Published On: Sun, May 26th, 2013

The “Across America” the first cross-continental, solar-powered flight.

Solar impulse plane infographic

A solar airplane that developers hope to eventually pilot around the globe landed safely on Thursday in Texas, completing the second and longest leg of an attempt to fly across the United States powered only by the sun.

The spindly experimental aircraft, dubbed Solar Impulse, touched down at Dallas/Forth Worth International Airport shortly after 1 a.m. local time, logging 18 hours and 21 minutes in the air to cover 823 nautical miles from Arizona.

The flight set a new absolute world distance record in solar aviation, organizers said.

The Solar Impulse plane has set a new distance record for solar-powered flight on the second leg of its trans-American journey on Wednesday evening.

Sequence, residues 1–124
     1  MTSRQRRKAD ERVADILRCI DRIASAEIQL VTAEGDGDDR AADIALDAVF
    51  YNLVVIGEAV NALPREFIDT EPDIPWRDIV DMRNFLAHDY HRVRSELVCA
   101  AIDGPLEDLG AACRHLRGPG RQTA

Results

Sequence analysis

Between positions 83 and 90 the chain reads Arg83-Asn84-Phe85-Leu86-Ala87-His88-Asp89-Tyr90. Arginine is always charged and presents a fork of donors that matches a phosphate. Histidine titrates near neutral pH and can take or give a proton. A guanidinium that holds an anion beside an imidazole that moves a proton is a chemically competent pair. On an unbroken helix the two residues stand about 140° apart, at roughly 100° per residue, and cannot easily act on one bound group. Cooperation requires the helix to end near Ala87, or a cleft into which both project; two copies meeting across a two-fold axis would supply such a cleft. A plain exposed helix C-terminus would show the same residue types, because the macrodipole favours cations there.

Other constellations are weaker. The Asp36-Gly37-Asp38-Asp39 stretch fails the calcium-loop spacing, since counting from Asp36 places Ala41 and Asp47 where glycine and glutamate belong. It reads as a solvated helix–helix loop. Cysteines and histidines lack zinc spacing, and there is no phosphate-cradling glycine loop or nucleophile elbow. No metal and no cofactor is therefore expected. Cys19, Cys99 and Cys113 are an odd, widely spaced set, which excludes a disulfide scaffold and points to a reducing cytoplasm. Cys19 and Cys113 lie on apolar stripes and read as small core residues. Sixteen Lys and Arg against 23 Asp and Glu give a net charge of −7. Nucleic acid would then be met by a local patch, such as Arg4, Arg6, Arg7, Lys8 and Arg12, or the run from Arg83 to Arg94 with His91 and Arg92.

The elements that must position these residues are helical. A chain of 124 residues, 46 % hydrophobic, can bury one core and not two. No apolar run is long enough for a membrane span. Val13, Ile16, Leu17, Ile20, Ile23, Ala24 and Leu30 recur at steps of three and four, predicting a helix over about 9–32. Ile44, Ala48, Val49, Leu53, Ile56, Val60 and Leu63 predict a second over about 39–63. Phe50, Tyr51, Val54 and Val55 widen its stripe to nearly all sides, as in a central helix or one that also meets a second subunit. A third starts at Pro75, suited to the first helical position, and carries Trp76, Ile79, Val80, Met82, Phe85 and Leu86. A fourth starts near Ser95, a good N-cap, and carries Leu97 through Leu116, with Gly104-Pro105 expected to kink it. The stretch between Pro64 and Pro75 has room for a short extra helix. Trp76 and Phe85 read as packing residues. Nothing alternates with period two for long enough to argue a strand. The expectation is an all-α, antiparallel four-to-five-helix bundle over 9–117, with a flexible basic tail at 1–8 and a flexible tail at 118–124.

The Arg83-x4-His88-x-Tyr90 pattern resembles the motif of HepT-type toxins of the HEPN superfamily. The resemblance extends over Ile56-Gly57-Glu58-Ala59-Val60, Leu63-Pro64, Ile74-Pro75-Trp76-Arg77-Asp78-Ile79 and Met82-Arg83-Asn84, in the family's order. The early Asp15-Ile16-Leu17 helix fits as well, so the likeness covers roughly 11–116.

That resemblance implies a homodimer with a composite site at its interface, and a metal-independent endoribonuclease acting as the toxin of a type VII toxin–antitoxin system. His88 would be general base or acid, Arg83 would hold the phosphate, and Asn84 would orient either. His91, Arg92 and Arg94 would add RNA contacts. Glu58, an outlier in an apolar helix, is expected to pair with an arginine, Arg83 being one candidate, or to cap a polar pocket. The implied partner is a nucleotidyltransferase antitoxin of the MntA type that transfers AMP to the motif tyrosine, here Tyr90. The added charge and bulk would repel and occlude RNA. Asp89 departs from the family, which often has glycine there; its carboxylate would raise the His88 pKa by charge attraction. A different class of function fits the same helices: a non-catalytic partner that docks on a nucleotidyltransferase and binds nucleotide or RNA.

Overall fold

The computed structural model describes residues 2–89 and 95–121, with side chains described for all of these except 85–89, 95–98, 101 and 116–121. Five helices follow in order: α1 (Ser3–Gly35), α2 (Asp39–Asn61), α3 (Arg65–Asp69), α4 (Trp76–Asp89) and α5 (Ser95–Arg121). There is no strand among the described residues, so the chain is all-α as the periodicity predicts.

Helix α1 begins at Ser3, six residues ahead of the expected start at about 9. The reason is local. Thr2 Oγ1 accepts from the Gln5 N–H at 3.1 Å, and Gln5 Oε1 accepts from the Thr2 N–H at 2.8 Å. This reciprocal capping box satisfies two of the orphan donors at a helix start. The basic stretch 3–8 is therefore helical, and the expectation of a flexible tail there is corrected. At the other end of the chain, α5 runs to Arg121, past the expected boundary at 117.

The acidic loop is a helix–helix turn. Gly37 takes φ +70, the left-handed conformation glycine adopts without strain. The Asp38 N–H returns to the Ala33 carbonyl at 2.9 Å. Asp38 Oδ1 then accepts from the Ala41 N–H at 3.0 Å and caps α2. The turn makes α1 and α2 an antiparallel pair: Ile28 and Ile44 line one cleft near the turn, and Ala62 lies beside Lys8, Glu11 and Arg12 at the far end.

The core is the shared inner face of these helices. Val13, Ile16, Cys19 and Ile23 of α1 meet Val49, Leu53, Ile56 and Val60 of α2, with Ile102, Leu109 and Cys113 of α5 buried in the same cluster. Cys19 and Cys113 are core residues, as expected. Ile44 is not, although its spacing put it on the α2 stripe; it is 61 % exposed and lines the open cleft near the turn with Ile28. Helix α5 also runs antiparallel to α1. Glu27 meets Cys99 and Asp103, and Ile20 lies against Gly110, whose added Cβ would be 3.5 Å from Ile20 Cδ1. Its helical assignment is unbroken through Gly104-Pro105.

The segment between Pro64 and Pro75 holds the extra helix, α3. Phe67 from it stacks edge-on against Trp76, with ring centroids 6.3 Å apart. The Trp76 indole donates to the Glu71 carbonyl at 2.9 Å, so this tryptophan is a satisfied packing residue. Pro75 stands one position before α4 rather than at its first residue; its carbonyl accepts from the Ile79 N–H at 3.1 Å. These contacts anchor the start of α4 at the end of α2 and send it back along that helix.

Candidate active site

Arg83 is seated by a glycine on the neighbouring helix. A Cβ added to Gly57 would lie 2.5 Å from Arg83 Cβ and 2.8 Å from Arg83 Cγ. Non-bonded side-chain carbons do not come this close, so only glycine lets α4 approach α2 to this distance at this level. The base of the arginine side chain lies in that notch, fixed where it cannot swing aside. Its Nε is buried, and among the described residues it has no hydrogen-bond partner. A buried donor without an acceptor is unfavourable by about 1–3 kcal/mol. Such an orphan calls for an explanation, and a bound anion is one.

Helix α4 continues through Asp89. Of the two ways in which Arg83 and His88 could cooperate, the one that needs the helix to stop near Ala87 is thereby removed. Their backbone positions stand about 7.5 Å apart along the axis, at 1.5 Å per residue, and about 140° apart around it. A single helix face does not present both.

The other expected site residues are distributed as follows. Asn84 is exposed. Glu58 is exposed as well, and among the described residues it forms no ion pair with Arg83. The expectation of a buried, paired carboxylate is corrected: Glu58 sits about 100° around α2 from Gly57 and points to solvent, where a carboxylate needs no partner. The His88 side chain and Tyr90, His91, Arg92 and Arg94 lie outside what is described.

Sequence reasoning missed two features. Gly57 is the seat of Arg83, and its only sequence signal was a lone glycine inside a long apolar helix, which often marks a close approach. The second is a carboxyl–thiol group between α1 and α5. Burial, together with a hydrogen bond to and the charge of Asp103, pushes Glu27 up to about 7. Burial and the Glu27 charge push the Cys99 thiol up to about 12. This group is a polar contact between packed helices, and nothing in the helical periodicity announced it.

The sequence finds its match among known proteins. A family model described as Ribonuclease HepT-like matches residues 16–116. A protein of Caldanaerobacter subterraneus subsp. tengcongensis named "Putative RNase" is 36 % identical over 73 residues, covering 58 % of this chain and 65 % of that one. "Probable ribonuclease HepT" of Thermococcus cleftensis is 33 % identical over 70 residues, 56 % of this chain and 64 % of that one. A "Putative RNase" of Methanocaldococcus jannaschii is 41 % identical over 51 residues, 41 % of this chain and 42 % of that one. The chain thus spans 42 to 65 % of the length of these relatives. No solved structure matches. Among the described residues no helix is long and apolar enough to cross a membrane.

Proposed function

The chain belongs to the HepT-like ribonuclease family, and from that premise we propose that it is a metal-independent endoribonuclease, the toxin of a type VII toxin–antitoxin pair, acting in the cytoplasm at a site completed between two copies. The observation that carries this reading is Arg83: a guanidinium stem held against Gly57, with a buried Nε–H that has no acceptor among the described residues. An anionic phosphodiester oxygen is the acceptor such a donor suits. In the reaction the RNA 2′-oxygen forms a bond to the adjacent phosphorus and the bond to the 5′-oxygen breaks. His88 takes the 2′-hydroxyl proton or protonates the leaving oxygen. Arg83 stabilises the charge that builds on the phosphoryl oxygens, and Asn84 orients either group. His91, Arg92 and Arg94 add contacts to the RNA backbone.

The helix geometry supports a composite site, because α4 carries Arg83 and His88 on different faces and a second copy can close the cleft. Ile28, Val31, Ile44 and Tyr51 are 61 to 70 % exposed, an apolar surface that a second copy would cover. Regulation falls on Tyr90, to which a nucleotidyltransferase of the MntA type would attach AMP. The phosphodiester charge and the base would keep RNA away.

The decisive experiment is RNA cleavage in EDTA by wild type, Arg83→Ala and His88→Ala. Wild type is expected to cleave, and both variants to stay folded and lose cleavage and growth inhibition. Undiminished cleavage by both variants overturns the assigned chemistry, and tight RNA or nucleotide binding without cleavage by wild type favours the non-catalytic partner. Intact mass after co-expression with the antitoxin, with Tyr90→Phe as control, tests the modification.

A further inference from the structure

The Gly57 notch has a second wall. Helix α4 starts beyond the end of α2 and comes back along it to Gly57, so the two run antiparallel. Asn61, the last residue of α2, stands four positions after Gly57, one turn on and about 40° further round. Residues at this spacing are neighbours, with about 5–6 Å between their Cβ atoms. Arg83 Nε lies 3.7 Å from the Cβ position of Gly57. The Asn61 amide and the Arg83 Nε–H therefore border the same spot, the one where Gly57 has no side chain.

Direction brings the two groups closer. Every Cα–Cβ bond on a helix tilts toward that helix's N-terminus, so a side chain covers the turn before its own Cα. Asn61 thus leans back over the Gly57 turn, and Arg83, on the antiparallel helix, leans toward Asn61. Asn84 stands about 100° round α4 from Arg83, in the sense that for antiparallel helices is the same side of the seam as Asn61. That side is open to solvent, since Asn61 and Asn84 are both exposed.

The craft landed in Dallas, Texas, after an 18-hour flight from Phoenix, Arizona – a journey of 1,541km (958mi).

In the coming weeks, it will also stop over in St Louis, Missouri, and Washington DC before heading to New York in early July.

The project aims to showcase the capabilities of renewable energy.

The Solar Impulse HB-SIA has the same wingspan as an Airbus A340 but at a weight of just 1.6 tonnes – by comparison, a fully laden A340 weighs about 370 tonnes.

The plane’s wing and stabiliser are covered with nearly 12,000 solar cells, which drive its four propellers and charge the plane’s 400kg of lithium-ion batteries for night-time flying.

The “Across America” bid is billed as the first cross-continental, solar-powered flight.

It is the last showpiece with the prototype aircraft before the Solar Impulse co-founders and pilots, Bertrand Piccard and Andre Borschberg, attempt a trans-oceanic flight and an eventual around-the-world flight in 2015.
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